So basically, the idea so far is that the imperfect aspect of our humanity demands that we are wrong in some area of our theology. The problem is, we don't know what those areas are, and we'll never reach a perfectly tuned theology. I'm assuming that you're with me up to this point, the area in which we might diverge is in how to respond to this quite troubling realization of our fallible humanity. How should we respond?
There are four (probably more) ways to respond to our "theological fallibility"...
First, let's look at uncertainty. This response is a glass-half-empty, pessimistic theology. Uncertainty avoids making propositional truth claims (especially metanarratives), and can never fully define with certainty the finer (even essential) points of it's theology. Uncertainty doesn't like an ABC ducks-in-a-row theology, and is skeptical of any matter-of-fact theologian. Uncertainty revels in the mystery of God, and doesn't like to put Him in a box, no matter how over-sized. This type of person openly admits to not having everything figured out - and is perfectly content to keep it that way.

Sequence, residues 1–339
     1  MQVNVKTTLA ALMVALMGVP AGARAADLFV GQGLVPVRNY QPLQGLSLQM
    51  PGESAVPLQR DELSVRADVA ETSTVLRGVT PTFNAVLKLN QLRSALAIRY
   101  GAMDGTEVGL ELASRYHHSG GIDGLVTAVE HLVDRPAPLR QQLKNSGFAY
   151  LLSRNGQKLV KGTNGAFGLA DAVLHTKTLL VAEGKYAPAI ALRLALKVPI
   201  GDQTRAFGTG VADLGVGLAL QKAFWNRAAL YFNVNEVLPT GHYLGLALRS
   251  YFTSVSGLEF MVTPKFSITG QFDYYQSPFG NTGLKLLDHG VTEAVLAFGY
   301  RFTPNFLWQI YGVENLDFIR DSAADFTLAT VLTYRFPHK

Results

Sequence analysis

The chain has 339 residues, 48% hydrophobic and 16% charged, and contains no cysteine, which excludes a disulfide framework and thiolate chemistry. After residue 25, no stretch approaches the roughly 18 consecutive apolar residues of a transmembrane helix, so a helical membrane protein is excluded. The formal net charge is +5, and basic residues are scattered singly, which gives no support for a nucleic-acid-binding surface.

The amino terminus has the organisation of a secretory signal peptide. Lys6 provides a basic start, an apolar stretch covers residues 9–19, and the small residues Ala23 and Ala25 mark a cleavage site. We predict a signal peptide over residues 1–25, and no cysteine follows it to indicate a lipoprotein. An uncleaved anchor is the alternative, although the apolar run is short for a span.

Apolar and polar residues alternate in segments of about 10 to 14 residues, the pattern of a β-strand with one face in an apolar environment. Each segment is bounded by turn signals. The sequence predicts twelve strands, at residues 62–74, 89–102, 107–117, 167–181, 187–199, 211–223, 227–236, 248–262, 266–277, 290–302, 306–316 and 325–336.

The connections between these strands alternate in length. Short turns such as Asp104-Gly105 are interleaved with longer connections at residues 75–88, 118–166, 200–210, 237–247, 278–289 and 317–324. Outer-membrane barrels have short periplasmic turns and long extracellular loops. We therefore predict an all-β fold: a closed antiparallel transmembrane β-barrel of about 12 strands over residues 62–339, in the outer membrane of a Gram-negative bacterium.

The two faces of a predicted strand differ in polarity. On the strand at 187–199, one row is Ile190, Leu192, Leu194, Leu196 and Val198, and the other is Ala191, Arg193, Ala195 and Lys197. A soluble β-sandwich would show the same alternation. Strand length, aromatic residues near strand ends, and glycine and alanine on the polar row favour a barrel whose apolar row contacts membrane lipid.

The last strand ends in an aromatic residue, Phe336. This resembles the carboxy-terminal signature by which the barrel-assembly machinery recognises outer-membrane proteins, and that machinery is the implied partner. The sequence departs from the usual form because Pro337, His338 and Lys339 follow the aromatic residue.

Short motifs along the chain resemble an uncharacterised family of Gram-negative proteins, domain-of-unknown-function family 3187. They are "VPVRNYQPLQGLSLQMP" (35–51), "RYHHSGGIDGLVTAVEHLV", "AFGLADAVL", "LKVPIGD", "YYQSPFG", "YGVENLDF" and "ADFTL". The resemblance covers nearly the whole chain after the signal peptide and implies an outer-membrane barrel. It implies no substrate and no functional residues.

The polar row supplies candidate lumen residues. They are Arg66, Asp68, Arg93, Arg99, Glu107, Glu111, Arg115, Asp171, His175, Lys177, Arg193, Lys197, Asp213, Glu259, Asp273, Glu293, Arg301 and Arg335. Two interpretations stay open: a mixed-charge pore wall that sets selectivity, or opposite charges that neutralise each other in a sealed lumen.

I think this response - blanket uncertainty - fails in it's inability to differentiate between black, gray, and white. For example, I KNOW my wife's name is Emily. I KNOW she's 4' 11''. I KNOW she is an interpreter, and I KNOW that she is (at this moment) sleeping soundly in another part of the house. What may not be as tangible is her love for me, respect of me, and loyalty to me. I know these latter things are true, I just know experientially as opposed to intellectually.
What's interesting to me is that the most certain things in life (e.g. that wall is blue) are the most inconsequential. It is the not-as-certain things which carry the most weight (e.g. does my wife really love me?). But I digress, the point is that there are some things which we can be certain about, and then there are other things which require a bit more caution (duh). Thus, blanket uncertainty is like pulling out a rocket launcher during a rubber band fight - slight over-reaction.
Part Three will take a look at some other ways to respond to this "theological fallibility" dilemma.